• Health worker Kirsten Gallagher shows off a plaster cast of a pregnant belly. (Facebook)Source: Facebook
Expectant Indigenous mothers in Mount Isa are using art to get men more involved in their pregnancies.
Alyssa Braithwaite

24 Jun 2016 - 2:41 PM  UPDATED 24 Jun 2016 - 2:44 PM

Mount Isa's Sister to Sister antenatal class is inspiring women to sculpt, paint and create a plaster cast of their pregnant bellies, and getting their partners to join in.

Aboriginal and Torres Strait Islander health worker Kirsten Gallagher said the program, which meets once a week at the Ngukuthati Children and Family Centre, also helped to address relationship issues and domestic violence.

"Our program that we run is women's business, [and] it's actually teaching the women how to deal with their relationships in a more suitable way that doesn't lead to domestic violence, and makes them feel more empowered," Ms Gallagher told the ABC.

Bellycasting involves covering the pregnant belly in cling wrap, and then using bandages and plaster to make a cast.

Once it is dry the mums-to-be can paint or decorate the sculpture as a way of bonding with their partners and children. 

"Bellycasting is the art of pregnancy, so we originally decided to do this on the Aboriginal girls to help bring families together, especially mums and the dads closer," Ms Gallagher said.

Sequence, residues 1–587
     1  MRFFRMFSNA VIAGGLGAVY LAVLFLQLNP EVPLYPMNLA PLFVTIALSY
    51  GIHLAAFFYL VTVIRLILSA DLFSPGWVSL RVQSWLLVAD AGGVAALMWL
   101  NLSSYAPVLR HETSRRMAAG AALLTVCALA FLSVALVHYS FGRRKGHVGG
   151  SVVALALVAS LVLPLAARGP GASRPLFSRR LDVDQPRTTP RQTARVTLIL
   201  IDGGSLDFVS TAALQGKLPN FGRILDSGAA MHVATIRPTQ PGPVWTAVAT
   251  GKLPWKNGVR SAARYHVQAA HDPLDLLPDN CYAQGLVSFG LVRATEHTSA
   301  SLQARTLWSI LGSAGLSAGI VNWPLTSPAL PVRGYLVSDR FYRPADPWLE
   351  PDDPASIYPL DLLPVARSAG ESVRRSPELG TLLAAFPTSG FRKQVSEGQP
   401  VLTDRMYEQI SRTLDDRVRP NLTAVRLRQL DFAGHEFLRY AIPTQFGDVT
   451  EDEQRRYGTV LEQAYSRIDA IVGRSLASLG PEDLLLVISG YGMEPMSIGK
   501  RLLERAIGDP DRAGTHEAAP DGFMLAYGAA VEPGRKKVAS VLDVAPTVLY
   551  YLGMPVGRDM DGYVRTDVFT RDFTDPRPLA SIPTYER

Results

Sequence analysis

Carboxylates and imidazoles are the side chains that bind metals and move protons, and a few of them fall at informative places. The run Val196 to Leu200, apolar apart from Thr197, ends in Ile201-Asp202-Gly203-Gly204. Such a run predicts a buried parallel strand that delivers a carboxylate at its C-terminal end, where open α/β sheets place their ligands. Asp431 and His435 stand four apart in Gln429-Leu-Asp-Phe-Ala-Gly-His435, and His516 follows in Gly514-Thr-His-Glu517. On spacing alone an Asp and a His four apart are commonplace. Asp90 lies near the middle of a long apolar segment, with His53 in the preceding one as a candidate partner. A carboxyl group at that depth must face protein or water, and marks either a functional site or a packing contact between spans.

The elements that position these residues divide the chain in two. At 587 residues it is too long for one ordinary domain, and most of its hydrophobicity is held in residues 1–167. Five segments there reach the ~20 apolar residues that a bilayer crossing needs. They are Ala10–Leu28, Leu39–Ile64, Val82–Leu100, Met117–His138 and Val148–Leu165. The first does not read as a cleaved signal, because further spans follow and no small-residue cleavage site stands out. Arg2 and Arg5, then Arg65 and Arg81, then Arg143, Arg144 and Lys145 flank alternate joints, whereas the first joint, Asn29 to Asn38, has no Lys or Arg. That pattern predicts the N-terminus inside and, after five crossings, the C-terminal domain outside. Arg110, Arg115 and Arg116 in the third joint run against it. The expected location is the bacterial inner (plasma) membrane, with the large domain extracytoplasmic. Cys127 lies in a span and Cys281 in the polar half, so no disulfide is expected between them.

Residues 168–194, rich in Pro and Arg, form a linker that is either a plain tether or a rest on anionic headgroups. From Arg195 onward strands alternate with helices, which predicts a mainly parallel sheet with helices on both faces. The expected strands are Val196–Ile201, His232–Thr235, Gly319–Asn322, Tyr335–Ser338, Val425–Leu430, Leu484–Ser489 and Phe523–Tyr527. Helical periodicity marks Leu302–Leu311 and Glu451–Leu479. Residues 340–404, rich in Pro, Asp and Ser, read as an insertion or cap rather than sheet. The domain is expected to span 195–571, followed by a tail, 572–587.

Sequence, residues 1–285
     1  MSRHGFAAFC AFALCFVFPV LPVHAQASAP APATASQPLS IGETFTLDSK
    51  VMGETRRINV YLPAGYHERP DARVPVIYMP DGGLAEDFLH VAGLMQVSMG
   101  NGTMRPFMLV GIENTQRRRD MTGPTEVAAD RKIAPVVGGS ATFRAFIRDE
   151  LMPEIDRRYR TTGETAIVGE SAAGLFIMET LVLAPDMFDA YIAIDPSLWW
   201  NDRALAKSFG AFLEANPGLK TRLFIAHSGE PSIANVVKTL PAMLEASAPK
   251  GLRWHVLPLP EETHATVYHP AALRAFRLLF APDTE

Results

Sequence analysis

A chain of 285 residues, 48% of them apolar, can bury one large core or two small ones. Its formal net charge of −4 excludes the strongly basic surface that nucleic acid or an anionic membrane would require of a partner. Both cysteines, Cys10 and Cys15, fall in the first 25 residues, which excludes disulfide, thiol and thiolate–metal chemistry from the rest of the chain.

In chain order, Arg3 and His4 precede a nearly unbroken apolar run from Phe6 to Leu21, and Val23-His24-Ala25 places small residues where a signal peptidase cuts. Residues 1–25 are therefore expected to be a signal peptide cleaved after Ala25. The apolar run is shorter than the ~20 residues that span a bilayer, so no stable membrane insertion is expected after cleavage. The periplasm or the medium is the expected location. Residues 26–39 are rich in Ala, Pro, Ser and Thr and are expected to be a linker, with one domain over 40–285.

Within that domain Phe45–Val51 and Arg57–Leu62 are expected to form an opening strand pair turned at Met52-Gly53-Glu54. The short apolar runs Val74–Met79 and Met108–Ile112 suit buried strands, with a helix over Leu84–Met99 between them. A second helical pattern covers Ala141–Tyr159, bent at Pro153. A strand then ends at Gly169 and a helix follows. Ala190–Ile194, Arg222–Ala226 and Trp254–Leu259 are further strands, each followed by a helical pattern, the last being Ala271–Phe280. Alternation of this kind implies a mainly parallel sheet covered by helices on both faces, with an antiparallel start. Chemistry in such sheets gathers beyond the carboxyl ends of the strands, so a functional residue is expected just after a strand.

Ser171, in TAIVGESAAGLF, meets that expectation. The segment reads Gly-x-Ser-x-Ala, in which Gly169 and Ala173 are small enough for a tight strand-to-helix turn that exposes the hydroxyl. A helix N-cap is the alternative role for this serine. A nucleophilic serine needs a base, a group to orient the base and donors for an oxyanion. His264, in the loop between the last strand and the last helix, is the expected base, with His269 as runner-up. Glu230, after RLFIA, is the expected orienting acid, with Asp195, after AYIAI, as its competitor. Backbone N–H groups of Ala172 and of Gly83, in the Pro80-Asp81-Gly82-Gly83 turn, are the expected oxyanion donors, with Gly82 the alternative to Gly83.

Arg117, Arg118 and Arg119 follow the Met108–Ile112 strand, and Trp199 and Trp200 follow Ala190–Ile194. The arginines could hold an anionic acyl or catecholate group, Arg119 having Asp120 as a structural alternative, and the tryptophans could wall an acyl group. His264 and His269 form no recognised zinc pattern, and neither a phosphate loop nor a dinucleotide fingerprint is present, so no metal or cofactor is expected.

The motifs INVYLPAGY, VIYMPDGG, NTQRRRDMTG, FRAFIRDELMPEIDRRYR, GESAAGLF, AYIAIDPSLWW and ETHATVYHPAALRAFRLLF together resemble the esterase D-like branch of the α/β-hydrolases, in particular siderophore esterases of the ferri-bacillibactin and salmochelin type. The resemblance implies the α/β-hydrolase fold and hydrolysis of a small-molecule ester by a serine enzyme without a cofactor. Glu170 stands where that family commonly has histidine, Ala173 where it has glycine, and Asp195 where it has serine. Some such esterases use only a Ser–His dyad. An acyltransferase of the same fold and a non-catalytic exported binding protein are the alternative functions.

"It gives them a chance to show off their skills and gets them to show and tell a story of who they are.

"A lot of these girls are having kids and a couple of years down the track it's good to look back and just remember, 'Oh, that's how big I was', and have that bonding with their children."

Kerri O'Connor, the Mount Isa Nurse Unit Manager of Maternal, Child and Youth Health said the Sister to Sister program also helped Indigenous families to celebrate pregnancy in a way they might not otherwise.

"For a lot of the Indigenous women that the program works with, pregnancy is not celebrated, pregnancy is just a fact of life - it's something that just happens," she told the ABC.

"Bellycasting is one way of getting that celebration happening, getting the father involved and making it real and connecting the health of the baby into a reality."

The program also teaches participants about sexual health, emotional health, and nutrition, including hands-on cooking classes.